"He's our guy," said Spurrier.
"He" is Patrick Ramsey.
For how long?
"Hopefully. . .he can go the distance," said the Ballcoach.
This figured to be a year ripe for scribes who live for the chance to report on and pontificate about a quarterback controversy. Changes figured to come early and often. At Florida, Spurrier never hesitated to yank a QB who displeased him and here is his first NFL season there was no established star drawing a big salary as the signal caller.
In fact, the quarterback drawing the biggest salary, rookie first-round pick Ramsey, was slated to sit on the bench, be redshirted this year while former Florida stars Shane Matthews and Danny Wuerffel battled for playing time.
Matthews played well in the opening win against Arizona, but was twice relived by Wuerffel in the next two games, both ugly losses. Spurrier's announced choice to start in Tennessee was Wuerffel, but only after two weeks of seeing if Ramsey could beat Danny out.
Wuerffel started, led a short field goal drive, and then exited due to an injured shoulder. The Ballcoach had painted himself into a corner. Matthews was the third QB, forcing Spurrier to insert Ramsey behind center.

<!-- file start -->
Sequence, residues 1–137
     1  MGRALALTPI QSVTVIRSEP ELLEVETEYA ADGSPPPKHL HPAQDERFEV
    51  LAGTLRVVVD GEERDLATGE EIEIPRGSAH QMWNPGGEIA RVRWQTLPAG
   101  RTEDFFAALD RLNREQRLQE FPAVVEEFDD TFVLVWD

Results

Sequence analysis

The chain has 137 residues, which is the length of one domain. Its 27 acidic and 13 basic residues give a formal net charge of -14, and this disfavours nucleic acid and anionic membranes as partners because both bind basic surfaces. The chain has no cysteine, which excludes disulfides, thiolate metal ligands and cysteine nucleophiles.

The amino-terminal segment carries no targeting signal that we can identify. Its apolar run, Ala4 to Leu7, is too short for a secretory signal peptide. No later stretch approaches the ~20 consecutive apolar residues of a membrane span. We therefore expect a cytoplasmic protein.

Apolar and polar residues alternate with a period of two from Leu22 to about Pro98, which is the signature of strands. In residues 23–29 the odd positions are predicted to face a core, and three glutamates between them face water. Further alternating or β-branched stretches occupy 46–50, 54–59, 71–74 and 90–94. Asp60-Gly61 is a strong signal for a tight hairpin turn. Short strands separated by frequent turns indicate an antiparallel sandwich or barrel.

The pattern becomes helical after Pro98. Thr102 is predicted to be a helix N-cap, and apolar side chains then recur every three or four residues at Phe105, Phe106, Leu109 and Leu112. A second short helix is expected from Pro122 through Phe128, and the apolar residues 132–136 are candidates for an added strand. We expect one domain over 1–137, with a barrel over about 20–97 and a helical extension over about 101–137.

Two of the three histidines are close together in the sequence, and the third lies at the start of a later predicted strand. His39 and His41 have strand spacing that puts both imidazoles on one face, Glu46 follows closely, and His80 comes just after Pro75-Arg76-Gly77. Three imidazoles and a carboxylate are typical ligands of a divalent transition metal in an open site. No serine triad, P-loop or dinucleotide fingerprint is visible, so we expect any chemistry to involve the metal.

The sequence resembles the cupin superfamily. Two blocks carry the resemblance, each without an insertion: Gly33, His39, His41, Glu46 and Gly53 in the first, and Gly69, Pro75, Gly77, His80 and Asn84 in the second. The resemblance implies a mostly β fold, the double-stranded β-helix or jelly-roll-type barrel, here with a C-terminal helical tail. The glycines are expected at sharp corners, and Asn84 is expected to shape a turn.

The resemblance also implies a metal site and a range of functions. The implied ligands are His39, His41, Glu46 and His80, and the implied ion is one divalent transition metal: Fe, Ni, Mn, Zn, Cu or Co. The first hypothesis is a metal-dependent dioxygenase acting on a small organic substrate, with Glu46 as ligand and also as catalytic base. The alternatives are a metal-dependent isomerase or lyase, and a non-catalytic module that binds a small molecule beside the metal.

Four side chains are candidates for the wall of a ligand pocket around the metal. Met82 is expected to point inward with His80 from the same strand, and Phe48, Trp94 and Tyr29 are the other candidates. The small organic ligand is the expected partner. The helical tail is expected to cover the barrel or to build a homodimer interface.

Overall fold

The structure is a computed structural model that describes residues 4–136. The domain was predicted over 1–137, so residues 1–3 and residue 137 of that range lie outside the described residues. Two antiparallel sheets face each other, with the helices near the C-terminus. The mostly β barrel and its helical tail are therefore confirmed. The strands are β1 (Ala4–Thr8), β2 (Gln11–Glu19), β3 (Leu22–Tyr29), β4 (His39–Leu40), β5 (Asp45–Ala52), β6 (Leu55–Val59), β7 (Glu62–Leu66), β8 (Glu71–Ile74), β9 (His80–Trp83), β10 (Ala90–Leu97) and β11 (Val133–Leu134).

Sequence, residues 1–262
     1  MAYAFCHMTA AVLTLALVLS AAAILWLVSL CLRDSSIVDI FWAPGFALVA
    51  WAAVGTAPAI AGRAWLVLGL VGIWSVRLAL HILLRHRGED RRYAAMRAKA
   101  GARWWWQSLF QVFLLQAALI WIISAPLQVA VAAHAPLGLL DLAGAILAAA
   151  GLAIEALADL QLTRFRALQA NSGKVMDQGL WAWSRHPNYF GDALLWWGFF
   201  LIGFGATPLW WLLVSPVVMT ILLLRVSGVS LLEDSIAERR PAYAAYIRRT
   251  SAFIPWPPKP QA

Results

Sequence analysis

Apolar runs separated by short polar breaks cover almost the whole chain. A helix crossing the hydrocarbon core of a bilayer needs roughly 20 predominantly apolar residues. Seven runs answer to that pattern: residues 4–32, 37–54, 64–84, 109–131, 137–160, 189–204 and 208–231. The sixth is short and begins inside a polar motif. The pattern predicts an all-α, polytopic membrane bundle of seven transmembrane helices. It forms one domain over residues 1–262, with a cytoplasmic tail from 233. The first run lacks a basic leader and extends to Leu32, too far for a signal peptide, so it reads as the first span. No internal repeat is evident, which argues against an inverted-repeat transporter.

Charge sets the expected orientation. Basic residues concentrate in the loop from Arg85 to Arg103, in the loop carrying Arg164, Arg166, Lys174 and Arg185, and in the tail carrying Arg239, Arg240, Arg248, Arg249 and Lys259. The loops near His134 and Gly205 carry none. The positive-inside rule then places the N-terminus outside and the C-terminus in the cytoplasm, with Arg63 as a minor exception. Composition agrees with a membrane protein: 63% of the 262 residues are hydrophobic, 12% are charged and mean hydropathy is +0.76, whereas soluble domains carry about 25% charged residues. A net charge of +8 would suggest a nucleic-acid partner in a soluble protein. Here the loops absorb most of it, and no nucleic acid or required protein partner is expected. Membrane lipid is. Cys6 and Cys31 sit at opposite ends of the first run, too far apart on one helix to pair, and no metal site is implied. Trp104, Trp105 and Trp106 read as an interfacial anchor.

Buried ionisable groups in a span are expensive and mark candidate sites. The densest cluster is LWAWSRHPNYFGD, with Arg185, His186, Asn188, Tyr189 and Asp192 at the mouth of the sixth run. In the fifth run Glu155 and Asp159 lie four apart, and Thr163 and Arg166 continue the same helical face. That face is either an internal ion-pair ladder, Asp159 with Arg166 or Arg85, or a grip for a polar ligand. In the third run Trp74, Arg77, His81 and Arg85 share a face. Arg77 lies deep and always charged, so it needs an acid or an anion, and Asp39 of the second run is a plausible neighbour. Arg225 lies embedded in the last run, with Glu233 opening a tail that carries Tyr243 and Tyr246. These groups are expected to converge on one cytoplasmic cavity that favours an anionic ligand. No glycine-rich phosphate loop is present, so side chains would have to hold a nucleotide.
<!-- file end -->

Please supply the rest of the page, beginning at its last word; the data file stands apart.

If the coach was nervous, he didn't show it. Spurrier called the plays and then watched to see what would happen. In fact, his sideline demeanor became somewhat more restrained than usual, perhaps not wanting to shatter the confidence of his inexperienced signal caller by ripping off his headphones and visor or by sending a clipboard into suborbital flight.
Not that Ramsey gave him too much to be demonstrative about, mind you; not in a negative way. He played so well, in fact, that he helped the defense out if its doldrums. "If you're asking if we were able to feed off that," Bruce Smith said, "the answer is absolutely yes. It can work both ways; the defense can give the quarterback confidence by making a series of plays or a couple of crucial plays. He did that for us today. With every completion you could feel it. The way he played excited us all, and we fed off the positive energy."
Spurrier was impressed by the energy of Ramsey's passes. "He gets it there in a hurry," the Ballcoach said.
There appeared to be no "dumbing down" of the offense in deference to the rookie who had missed 16 days of training camp in a contract dispute. Ramsey called audibles early and often. His second-quarter touchdown pass to Rod Gardner was released just before the receiver made his break. "Coming into the game, I didn't know that he could step up with guys flying around him and make throws like he did," said Spurrier. But he thought he would see if the rookie could get it done.
"It's amazing how it worked out," said Spurrier. Yes, it was.
Rich Tandler is the author of The Redskins From A to Z, Volume 1: The Games. For a look at this unique book that chronicles all 925 Redskins games from 1937 through 2001, visit RedskinsAtoZ.com.
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